SEGGER have been providing quality debug and trace tools for years, but the latest enhancement to the J-Trace PRO and Ozone offers something different: live profiling and code coverage.

For investigating the modular exponentiation implementation, it’s exactly what we need: capture all instructions executed in our program flow and update execution profiles and instruction counts as the application runs in real time, eliminating any requirement to store the entire trace and load it for offline analysis later.

Don’t bore us, get to the chorus!

With Ozone and the J-Trace PRO set up, show the Code Profile window and run the application. Play the video to reveal what happens when observing the profile of the basic (not Barrett) modular exponentiation benchmark:

 

As you step through the video, taken as a live capture with the target running, you can see functions jostling for position. The user-written functions that take the most time are _MPI_MagDivModNormalized and CRYPTO_MPI_Mul_Comba_Partial. But topping the pile is the mysterious function __int64_udivmod taking around 60% of the time!

This function implements 64-bit by 64-bit unsigned division and is provided by the runtime library in Embedded Studio. This implementation hails from software written for the MSP430 in CrossWorks, Embedded Studio’s sister product. The MSP430 implementation is for a memory-limited microprocessor with 128 bytes of RAM and 2 KB of flash, so uses the simple shift-subtract technique for division. But surely a modern Cortex-M4 would make light work of this? Seems not.

The Cortex-M4 has no support for 64-bit division at all, so it must be done in software. However, the Cortex device does have a 32-bit by 32-bit unsigned divide instruction and a fast multiplier, which we can press into service. After tinkering for a little bit, a final version reduces the processing overhead:

screen-shot-2016-09-17-at-16-35-58

Results?

How does this affect performance? Well, here is the output from the modular exponentiation benchmark with the original division in place, in milliseconds, for 512-bit, 1024-bit, and 2048-bit keys:

+---------------------------+----------+----------+----------+
| Algorithm                 |      512 |     1024 |     2048 |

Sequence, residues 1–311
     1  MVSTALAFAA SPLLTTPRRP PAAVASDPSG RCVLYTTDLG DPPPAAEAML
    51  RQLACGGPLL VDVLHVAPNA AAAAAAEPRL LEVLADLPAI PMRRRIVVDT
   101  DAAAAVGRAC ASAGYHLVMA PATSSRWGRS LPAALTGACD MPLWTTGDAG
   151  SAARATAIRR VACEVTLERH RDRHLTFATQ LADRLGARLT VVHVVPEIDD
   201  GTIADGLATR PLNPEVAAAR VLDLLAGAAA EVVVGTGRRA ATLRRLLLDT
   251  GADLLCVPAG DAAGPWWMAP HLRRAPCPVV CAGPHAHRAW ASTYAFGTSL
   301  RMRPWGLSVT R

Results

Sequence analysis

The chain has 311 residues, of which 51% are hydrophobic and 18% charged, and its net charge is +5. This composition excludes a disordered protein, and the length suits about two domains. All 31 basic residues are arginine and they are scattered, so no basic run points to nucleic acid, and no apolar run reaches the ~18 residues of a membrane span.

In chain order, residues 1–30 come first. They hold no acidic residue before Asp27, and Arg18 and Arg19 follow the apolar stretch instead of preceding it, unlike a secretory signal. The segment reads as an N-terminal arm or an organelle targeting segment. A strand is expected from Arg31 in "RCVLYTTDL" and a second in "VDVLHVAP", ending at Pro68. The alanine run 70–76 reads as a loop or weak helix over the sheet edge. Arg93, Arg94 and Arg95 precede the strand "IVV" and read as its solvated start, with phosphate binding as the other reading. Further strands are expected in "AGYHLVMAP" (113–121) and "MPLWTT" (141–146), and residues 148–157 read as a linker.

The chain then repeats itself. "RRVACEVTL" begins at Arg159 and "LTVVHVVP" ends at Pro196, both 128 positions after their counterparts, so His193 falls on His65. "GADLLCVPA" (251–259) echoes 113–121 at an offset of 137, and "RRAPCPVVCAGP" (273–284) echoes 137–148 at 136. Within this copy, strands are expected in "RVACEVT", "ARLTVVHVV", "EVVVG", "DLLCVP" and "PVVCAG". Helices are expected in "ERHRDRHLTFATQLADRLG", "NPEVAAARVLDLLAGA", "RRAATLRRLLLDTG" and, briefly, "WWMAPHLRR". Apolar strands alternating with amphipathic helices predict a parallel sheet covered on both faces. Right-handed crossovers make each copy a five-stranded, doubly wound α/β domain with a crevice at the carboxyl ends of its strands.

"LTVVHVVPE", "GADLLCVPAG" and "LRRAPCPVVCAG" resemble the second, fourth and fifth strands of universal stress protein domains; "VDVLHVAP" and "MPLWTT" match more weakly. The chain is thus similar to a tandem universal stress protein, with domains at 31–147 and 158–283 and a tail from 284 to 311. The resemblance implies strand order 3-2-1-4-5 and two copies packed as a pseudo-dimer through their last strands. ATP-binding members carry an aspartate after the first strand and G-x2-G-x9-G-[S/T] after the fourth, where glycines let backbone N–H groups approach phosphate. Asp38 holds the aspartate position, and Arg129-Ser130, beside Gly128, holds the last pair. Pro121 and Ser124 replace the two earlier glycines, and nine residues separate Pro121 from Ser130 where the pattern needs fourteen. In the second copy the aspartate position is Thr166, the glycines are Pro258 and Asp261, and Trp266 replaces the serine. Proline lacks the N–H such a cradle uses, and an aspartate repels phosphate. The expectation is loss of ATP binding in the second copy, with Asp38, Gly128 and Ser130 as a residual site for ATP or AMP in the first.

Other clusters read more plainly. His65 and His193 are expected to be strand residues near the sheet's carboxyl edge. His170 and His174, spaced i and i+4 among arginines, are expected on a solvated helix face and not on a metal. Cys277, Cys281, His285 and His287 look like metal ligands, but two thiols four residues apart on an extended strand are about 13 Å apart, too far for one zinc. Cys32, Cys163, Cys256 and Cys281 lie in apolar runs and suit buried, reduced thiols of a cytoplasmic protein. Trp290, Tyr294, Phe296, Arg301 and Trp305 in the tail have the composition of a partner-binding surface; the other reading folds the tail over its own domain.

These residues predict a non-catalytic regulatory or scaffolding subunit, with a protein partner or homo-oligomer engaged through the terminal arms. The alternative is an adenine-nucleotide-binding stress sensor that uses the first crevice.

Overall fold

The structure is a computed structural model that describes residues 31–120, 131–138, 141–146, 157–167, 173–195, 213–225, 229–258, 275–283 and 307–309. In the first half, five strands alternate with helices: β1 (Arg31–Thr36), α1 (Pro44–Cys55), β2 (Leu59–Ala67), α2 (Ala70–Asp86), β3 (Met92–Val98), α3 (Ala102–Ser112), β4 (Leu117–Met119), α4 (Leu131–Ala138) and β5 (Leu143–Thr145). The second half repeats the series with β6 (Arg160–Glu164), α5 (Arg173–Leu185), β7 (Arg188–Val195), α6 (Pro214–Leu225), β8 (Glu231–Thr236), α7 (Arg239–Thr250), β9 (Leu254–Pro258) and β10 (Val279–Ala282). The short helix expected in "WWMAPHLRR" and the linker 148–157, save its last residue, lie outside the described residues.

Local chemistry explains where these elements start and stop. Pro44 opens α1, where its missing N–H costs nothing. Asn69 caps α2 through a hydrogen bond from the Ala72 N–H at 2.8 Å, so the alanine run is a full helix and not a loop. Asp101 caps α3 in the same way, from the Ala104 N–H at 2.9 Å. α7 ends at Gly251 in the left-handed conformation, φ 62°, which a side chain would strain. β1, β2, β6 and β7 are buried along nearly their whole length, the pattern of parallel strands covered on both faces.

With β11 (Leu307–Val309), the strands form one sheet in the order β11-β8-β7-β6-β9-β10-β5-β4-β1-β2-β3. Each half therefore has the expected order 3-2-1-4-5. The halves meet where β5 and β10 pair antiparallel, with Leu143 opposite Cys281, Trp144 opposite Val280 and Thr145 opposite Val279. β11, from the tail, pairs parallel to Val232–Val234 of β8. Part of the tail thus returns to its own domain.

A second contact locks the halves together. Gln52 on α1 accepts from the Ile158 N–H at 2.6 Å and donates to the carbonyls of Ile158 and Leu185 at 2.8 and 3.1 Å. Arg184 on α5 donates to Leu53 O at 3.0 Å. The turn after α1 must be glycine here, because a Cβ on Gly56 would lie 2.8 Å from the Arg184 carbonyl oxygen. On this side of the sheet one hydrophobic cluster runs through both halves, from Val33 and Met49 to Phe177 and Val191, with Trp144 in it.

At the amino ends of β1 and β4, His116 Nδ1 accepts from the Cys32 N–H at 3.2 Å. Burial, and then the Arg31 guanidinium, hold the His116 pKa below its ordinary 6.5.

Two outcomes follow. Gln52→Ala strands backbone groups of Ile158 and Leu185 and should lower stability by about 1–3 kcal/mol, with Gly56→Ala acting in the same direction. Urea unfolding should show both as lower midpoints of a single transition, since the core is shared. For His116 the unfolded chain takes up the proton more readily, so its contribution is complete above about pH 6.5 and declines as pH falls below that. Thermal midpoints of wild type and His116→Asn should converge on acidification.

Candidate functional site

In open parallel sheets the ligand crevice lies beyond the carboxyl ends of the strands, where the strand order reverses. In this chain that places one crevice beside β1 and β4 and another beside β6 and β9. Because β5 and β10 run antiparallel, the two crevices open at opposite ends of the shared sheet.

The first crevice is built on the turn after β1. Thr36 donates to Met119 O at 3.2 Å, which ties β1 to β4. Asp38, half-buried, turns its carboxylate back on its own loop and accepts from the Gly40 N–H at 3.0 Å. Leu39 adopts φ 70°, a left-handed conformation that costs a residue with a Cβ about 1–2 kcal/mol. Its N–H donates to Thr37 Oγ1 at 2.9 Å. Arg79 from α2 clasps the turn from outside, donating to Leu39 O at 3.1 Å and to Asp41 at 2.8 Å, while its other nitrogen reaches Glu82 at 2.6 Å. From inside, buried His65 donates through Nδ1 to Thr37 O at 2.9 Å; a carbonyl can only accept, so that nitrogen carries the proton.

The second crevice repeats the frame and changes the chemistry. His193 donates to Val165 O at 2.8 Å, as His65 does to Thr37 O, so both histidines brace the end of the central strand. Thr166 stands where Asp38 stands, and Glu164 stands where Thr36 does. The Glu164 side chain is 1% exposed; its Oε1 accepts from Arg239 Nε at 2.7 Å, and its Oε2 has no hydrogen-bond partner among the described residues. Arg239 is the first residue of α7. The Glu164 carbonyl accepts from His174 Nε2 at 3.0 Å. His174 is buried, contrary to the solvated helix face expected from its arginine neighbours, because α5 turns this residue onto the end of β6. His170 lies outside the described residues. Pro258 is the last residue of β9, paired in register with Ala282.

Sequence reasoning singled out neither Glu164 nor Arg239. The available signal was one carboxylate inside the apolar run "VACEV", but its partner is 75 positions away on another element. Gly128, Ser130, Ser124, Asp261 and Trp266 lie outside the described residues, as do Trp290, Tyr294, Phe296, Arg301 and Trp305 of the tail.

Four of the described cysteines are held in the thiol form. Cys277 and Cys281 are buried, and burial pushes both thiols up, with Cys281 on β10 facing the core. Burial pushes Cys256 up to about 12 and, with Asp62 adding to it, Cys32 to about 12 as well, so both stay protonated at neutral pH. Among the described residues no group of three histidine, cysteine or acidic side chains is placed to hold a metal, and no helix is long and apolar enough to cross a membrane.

+---------------------------+----------+----------+----------+
| Binary, Basic             |   68.80  |  292.25  | 1563.00  |
+---------------------------+----------+----------+----------+

And with the new division code in place:

+---------------------------+----------+----------+----------+
| Algorithm                 |      512 |     1024 |     2048 |
+---------------------------+----------+----------+----------+
| Binary, Basic             |   45.22  |  192.67  | 1168.00  |
+---------------------------+----------+----------+----------+

We have achieved performance speedups of x1.34 to x1.52 for this benchmark which directly translates into better performance for the secure web server and any other software that relies on big integer arithmetic.

Conclusions

This example demonstrates that however efficient your code, inefficiencies can creep in from places you least expect them. Using instruction-count-accurate profiling, we revealed an optimization opportunity using SEGGER’s debugger Ozone and SEGGER’s J-Trace PRO probe. Without this insight, no amount of tinkering with user-written code would have produced such a pronounced speed increase.

Postscript

This optimization just wasn’t enough for us—we went further and implemented new algorithms for modular multiply, using J-Trace PRO and Ozone to profile and tune them. Using these tools, the new software is now part of the SEGGER Cryptographic Toolkit and delivers spectacular results:

+---------------------------+----------+----------+----------+
| Algorithm                 |      512 |     1024 |     2048 |
+---------------------------+----------+----------+----------+
| Configured                |   20.45  |   88.92  |  458.67  |
+---------------------------+----------+----------+----------+

This is a cross-the-board speedup of x3.35, guided by SEGGER tools and targeted software optimization.